ebook, 32 pages
Published June 5th 2012 by Tor
A Ravkan Folk Tale ~ (The Grisha 0.5)
There was a time when the woods near Duva ate girls… or so the story goes. But it’s just possible that the danger may be a little bit closer to home.
This story is a companion folk tale to Leigh Bardugo’s debut novel, Shadow and Bone.
A dark fairy tale for grownups. Excellent.
Awesome, awesome, awesome!
Read it here: http://www.tor.com/stories/2012/06/the-witch-of-duva-a-ravkan-folk-tale
After you’ve read it leave me a comment and let me know your thoughts on this tale.
Categories: Fairy Tale, Fantasy, Free Read, Horror
Tags: book, Book review, ebook, fairy tale, fantasy, free, free read, Leigh Bardugo, Shadow and Bone, The Witch of Duva
The basic outline of this book is a girl, Gemma, is kidnapped from a Bangkok airport and taken away to the Australian desert by her captor. This book is a letter to her captor.
I was drawn in from the very beginning. The writing has a way of pulling you in and keeping you reading to see what will happen next and how Gemma will be saved/rescued or will she? I do not want to write the ending here. The whole mystery of the book to me was how does this end. I was not disappointed.
About the Author:
Lucy Christopher was born in Wales but grew up in Australia. She obtained an Undergraduate degree at Melbourne University. She moved to the UK to earn a distinction in a Creative Writing MA from Bath Spa University. The novel she wrote for this class, The Long Flight, was picked up by a publisher under a new name of FLYAWAY.
Lucy’s debut novel, Stolen, was written as part for her PhD degree. Stolen explores her thoughts on the Australian desert through the story about a teenage girl who is kidnapped and taken there.
Lucy is working on another teen novel. When she is not writing, Lucy spends her time daydreaming, emailing friends and horseback riding a mare named Topaz as well as helping to run a kid’s wildlife group at Newport Wetlands.
Recommended for: everyone
Read from December 15 to 30, 2012 — I own a copy
While The Sun Is Above Us takes readers deep into the extraordinary world of Sudan through the intertwined narratives of two women. In the midst of a bloody civil war, Adut is brutally captured and held as a slave for eight years. Sandra, fleeing her life in Canada, travels to South Sudan as an aid worker but soon finds herself unwittingly embroiled in a violent local conflict. When chance brings Adut and Sandra together in a brief but profound moment, their lives change forever.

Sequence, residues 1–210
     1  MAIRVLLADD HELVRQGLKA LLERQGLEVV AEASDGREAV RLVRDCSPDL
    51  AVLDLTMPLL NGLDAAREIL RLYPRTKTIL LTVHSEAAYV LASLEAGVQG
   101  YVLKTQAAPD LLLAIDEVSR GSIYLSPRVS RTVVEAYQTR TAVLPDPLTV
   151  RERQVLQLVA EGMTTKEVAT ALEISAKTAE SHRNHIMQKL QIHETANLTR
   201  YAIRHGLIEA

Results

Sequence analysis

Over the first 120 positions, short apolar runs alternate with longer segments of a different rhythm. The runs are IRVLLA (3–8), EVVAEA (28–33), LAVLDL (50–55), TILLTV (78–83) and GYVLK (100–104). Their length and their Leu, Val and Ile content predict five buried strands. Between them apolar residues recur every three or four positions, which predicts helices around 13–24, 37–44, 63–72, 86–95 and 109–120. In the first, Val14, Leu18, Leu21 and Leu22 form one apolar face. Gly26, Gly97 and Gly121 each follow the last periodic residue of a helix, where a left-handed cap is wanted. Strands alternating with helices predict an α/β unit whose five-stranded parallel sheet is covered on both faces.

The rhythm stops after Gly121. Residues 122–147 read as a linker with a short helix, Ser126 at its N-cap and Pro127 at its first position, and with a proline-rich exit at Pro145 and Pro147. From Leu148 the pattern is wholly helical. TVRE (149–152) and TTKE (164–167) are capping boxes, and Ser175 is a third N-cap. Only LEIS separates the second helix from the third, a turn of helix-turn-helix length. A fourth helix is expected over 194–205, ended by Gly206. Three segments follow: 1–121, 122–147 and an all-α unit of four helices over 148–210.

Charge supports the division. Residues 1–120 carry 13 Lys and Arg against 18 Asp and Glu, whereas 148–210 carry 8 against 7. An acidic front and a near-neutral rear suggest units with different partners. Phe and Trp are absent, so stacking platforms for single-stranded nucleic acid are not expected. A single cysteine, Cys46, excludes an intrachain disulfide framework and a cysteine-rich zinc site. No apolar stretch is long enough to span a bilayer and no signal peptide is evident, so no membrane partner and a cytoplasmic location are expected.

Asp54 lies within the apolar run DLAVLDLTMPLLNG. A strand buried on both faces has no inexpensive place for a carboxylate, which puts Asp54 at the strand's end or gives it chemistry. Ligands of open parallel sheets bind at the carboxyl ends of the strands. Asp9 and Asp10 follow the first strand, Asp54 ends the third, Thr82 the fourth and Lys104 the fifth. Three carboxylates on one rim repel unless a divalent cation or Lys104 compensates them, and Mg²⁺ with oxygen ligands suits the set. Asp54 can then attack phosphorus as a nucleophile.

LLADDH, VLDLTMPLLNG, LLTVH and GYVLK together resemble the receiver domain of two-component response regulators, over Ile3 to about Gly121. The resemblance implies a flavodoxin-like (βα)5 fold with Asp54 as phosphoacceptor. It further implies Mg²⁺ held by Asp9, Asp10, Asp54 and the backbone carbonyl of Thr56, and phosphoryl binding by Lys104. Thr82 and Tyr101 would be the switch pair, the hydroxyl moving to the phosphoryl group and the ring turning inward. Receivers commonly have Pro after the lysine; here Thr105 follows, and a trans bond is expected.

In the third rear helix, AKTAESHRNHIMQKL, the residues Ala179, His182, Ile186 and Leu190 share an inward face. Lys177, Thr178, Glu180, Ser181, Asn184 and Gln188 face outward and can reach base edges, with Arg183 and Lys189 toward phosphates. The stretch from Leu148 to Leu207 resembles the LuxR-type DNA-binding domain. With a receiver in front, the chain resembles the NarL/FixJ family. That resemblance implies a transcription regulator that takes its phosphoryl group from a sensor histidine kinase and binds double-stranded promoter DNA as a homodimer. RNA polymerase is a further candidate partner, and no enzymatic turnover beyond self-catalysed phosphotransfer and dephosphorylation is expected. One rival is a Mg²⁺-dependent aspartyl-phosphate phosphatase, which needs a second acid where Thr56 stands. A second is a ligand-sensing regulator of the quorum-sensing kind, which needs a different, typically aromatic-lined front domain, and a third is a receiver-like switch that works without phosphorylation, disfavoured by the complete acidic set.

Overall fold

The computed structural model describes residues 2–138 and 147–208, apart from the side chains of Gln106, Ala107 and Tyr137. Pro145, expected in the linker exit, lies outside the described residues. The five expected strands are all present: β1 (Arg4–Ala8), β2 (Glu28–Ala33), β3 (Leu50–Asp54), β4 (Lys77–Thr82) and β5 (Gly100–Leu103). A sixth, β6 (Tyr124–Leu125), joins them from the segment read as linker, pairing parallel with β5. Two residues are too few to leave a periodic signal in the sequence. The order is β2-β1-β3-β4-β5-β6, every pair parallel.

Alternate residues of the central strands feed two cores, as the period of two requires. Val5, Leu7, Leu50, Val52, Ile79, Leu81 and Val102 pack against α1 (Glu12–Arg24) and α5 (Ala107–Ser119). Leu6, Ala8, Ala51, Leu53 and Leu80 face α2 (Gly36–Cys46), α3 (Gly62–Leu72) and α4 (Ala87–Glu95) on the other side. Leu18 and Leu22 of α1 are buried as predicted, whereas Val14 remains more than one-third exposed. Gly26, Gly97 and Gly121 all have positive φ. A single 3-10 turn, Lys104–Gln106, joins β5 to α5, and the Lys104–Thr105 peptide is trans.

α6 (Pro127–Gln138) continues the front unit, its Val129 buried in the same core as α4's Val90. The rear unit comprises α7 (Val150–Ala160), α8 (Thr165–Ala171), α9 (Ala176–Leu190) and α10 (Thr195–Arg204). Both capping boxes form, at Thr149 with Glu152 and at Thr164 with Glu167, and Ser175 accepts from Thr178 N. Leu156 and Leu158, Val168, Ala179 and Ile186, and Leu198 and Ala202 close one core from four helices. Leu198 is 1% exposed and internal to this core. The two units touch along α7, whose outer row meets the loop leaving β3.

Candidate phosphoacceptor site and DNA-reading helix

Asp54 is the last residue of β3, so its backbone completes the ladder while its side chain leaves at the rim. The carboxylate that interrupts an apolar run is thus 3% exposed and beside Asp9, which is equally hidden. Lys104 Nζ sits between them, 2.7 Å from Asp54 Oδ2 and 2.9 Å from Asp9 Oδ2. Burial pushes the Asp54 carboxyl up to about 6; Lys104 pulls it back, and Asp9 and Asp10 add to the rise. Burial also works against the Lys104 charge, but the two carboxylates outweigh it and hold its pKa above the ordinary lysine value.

In captivating prose, Melanie Schnell offers imaginative insight into the lives of innocents in a land at war, rendering horrific experiences with exquisite clarity. While The Sun Is Above Us explores the immense power of the imagination, the human desire for connection, and the endurance of hope.
An amazing heart wrenching read that makes you grateful to be alive and sad for the lives that others are destined to live.
Beautifully written, a masterpiece tale of 2 women, one from Canada and one from Sudan, a Dinka, and their struggle for freedom.
I corresponded with the author to thank her for the courage and honesty in writing this piece of fiction and also to let her know that while I was engrossed with the story I was having a hard time reading it. It leaves you open, raw, needing to pause and to breathe in some air and to seek some comfort from comfortable things before journeying back to its pages. She wrote back telling me it took her 10 years to complete this novel because many times she needed to break for long periods of time before she could once again set pen to the pages that needed to be written.
Thank you Melanie Schnell for taking the time to tell a story that needs to be heard. Thank you for doing so in a way that was gentle enough that I could swallow the medicine. This is a must read for anyone interested in knowing what war does to those who have their homeland stripped away from them and the insatiability of the human need to survive.
Good gossipy read. Enquiring minds like to know stuff. It felt like I was sitting down and talking with one of the Gambino members.
Tony Consiglio was Frank Sinatra’s valet for 50 years. He was also a childhood friend of his, hanging out, being a teenage “hoodlum”, when Frank got kicked out of school. Frank Sinatra use to call Tony Consiglio “the clam” because Tony would never talk about Frank’s experiences to anyone else. Apparently “The clam” turned “informant” just before he died.